Overview of Internal Fixators

The overview of the internal fixator has made MIPO a more practical theory and expanded its scope and range of applications.

The internal fixator is a submuscular or subcutaneously positioned external fixator. The design feature that is unique to the internal fixator is the locking head screw (LHS)- the screw head incorporates a double conical thread for safe fixation into a corresponding conical thread in the hole of the plate. This characteristic imparts a degree of angular stability to the construct because the locked screw head can no longer toggle within the plate hole. Also, because the screw head is secured within the plate hole, it doesn’t press the plate against the underlying bone as the screw is tightened, in contrast to standard screws such as cancellous or cortex bone screws.

The internal fixator, therefore, possesses characteristics that make it suitable for MIPO. These include:

  • LHS prevents the bone plate from being pressed against the underlying bone, therefore sparing the periosteal blood supply.
  • Since the bone isn’t pulled against the plate by the LHS because the bone screws are tightened, there is no loss of primary reduction if the fracture has previously been reduced.
  • Consequently, correct contouring of the plate isn’t necessary, a definite benefit in MIPO as the bone isn’t exposed for templating.
  • Angular stability of the construct also avoids secondary loss of fracture’s reduction when placed under load.
  • As the LHS are either self-tapping and self-drilling or only self-tapping, application of screw is made easier in the MIPO setting as drilling and/or tapping is no longer needed as is the situation with the application of standard screws.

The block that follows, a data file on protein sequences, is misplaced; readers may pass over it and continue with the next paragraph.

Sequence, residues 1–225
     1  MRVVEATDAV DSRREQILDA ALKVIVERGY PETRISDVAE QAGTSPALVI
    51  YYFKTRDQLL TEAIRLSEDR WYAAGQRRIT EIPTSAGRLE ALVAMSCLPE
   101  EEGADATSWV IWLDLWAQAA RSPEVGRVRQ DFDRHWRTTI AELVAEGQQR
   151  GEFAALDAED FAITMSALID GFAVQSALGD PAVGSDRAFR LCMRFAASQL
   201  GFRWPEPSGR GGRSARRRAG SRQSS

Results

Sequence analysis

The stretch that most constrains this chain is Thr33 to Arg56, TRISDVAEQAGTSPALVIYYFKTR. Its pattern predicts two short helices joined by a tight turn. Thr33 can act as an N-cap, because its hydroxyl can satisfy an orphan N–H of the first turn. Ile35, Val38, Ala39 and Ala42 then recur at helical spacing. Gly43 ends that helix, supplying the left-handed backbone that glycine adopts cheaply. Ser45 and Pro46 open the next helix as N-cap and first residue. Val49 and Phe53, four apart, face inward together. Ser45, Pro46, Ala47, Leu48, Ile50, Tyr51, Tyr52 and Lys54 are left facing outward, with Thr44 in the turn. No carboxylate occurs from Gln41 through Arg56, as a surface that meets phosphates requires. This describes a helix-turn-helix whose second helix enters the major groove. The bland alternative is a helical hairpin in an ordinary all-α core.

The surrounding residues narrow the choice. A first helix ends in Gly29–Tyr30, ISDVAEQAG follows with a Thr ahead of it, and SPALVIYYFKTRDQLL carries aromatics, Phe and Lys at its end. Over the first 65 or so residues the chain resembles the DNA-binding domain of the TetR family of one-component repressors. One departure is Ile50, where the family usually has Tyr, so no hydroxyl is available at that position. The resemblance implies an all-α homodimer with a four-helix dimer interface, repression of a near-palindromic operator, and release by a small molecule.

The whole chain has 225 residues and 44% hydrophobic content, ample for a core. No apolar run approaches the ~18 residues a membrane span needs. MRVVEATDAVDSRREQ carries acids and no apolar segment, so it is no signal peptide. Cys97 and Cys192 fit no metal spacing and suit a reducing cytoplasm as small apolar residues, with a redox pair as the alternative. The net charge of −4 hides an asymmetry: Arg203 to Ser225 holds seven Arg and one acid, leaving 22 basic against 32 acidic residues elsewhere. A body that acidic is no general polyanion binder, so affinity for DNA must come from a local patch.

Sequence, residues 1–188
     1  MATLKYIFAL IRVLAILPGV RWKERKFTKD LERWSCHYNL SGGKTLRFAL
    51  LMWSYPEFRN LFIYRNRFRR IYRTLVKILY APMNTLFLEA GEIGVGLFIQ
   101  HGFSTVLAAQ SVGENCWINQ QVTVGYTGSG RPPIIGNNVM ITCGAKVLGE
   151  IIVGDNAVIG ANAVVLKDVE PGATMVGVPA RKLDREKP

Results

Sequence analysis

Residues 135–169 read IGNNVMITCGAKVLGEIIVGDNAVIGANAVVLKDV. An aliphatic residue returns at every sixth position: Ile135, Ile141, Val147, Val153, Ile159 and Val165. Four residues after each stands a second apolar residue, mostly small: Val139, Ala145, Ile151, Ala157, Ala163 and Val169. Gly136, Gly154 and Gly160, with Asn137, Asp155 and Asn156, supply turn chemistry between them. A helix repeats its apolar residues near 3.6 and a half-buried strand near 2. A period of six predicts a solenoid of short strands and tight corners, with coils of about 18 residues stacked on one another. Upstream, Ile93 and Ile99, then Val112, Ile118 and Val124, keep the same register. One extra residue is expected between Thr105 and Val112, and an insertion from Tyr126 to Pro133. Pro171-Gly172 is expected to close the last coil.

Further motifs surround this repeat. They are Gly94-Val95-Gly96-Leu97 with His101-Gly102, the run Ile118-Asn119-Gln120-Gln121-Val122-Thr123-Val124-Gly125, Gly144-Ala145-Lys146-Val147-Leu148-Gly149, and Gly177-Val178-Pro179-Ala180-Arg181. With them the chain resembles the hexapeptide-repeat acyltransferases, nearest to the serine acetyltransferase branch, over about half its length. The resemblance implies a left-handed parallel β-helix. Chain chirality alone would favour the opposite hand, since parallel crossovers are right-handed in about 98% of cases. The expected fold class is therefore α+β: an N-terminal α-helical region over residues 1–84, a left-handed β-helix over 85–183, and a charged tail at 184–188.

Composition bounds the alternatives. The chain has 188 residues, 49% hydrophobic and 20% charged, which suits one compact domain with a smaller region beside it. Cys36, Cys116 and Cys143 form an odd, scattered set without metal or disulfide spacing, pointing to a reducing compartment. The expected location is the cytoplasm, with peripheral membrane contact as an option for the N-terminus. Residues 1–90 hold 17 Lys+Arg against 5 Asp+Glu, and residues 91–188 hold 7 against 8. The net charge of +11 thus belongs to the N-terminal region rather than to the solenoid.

The 1st internal fixator specifically intended for use in MIPO was the less invasive stabilization system (LISS) for the distal femur. As the benefits of the LISS became apparent, demand for a more versatile system risen, and this result in the development of the locking compression plate (LCP) with a specially intended combination hole, one half of which is intended as a dynamic compression until that enables the use of standard screws for interfragmentary or axial compression, while the other half is threaded to enable the application of LHS. Therefore, the LCP may function as a compression plate or as an internal fixator when only LHS are utilized.

In theory, no contouring of the LCP is essential when used as an internal fixator, however in practice, some degree of contouring is usually required, especially in the bone’s epi-metaphyseal segments. Otherwise, the plate can stand proud and become prominent subcutaneously or cause irritation of the adjacent soft tissue. To overcome this issue, specially intended metaphyseal plates were introduced. The special characteristics of this plate are that the juxta-articular end of the plate is thinned out to aid contouring and the two distal holes in this thinned part of the plate are angled at 11? toward the center of the plate to enable the optimal application of the LHS in the epiphyseal part in order to avoid penetration of the articular surface. A further refinement of this is the progress of anatomically preshaped LCP for use in specific epi-metaphyseal portions of the skeleton.

The metaphyseal end of such a plate enables the insertion of a cluster of LHS in a convergent or divergent manner to improve their pull-strength. Additionally, no contouring of the plate is usually required. An added benefit of this anatomical preshaped LCP is that they may be used as an aid for indirect fracture reduction when utilized with standard screws. These may draw the bone toward the plate and therefore affect an adaptation of the bony fragments to the shape of the bone plate. Examples of anatomically preshaped LCP are the LCP distal humerus, locking proximal humerus plate (LPHP), LCP distal radius, LCP distal femur, LCP distal tibia, and LCP proximal lateral tibia.